by Suzie Doscher, Executive Coach and Life Coaching focusing on Personal Development, Self-Help Author: Balance - A Practical Handbook for Life's Difficult Moments
Coaching your team? Add this skill to your coaching style – being non-judgmental.
There is an abundance of articles on being a coach to your people. I enjoy reading the quality information provided by the Harvard Business Review.
The desire to increase, enhance or maintain the quality of work, and in some cases even the quality of life at work, is evident.
The article in the HBR: Most Managers Don’t Know How to Coach. But They Can Learn, offers wonderful insights on what coaching is all about and aims to achieve.
Your responsibilities include leading, motivating, inspiring and with your coaching you hope to further their growth, development and enhance their skills.
By Marcel Schwantes at Inc.
In 2016, the World Economic Forum released its fascinating Future of Jobs Report, where they asked chief human resources officers from global companies what they saw as the top 10 job skills required for workers to thrive by 2020.
One skill projected for success in 2020 that didn’t even crack the top 10 list in 2015 was — you guessed it — emotional intelligence.
According to many experts in the field, emotional intelligence has become an important predictor of job success for nearly two decades, even surpassing technical ability.
In one noteworthy CareerBuilder survey of more than 2,600 U.S. hiring managers and human resources professionals, it was found that “fifty-nine percent of employers would not hire someone who has a high IQ but low [emotional intelligence].”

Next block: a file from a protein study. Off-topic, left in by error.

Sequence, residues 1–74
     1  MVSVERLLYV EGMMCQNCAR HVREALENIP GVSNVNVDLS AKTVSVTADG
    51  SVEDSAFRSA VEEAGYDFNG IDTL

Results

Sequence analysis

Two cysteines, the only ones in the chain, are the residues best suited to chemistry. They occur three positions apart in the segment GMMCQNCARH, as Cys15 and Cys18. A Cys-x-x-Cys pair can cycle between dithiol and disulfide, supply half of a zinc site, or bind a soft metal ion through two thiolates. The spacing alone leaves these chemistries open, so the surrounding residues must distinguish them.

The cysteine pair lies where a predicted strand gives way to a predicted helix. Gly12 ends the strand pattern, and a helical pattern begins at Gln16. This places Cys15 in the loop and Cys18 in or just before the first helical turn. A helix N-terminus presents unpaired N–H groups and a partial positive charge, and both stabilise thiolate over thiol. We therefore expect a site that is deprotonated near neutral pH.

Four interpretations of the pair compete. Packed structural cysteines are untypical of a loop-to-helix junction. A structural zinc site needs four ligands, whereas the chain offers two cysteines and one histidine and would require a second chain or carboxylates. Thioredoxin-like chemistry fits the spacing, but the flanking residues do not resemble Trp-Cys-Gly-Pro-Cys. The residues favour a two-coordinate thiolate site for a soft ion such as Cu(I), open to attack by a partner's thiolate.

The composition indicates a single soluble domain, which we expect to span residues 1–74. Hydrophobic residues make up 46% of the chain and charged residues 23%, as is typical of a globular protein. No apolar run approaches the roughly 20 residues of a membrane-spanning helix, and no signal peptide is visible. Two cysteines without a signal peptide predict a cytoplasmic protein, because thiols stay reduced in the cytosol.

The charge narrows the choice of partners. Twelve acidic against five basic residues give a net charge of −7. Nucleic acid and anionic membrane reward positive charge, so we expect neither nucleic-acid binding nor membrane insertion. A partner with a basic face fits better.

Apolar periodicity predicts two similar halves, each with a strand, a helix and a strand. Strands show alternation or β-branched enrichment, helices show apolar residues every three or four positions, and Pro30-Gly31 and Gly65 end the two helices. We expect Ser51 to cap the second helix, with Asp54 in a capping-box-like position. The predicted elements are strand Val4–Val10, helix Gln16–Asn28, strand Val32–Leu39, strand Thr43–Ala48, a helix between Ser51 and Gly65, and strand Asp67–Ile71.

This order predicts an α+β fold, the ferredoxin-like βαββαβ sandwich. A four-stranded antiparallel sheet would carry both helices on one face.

In fact, 75 percent of survey respondents said they’re more likely to promote someone with high emotional intelligence over someone with high IQ.
Companies are placing a high value on workers with emotional intelligence for several reasons. In my own studies and observations over the years as a leadership coach, here are six that really stand out...
By Marina Khidekel, Head of Content Development at Thrive Global
We all have our own ways of getting our creative juices flowing. While some of us feel inspired after taking a walk in nature, others might get our biggest bursts of inspiration in the shower, or while sitting in total stillness.
We asked our Thrive community to share the specific rituals that spark creativity and inspire their best ideas. Which of these will you try the next time you need a creative boost?
Establish a creative morning ritual
“I start most days with a small creative ritual. Before the rest of the house wakes up, I drink my coffee, grab my art supplies and journal, and proceed to paint, collage, write, and just create something each day. For me, the key is keeping the ritual tied to a well-established habit – my morning drink — and keeping my supplies organized and visible near my kitchen table. I find that on days I take this time, I’m much happier and less stressed.”
—Jill Elliott, founder of The Color Kind, Dallas, TX
'Balance - A Practical Handbook and Workbook for Life's Difficult Moments'
by Suzie Doscher is about change and learning the necessary everyday skills required for life = life skills.
The exercises help you improve the quality of your life, supports you in difficult moments and handle life’s challenging every-day situations better.
It is a practical hands-on self coaching tool.
Read or listen to it when you feel vulnerable, unsure of yourself, or ineffective in difficult and stressful moments.
Learn how to handle your stress effectively with the help of the insights in the book. Bear in mind that there is no balance where there is stress – stress contradicts calmness and happiness. Choose which one you wish to have more of..it is up to you.
The goal of this book is to help you create new opportunities, learn new behaviors, and become the best version of yourself. It is all about practical action oriented insights, steps and behavior change.
Order Your Book Now
Raise your self-awareness with this: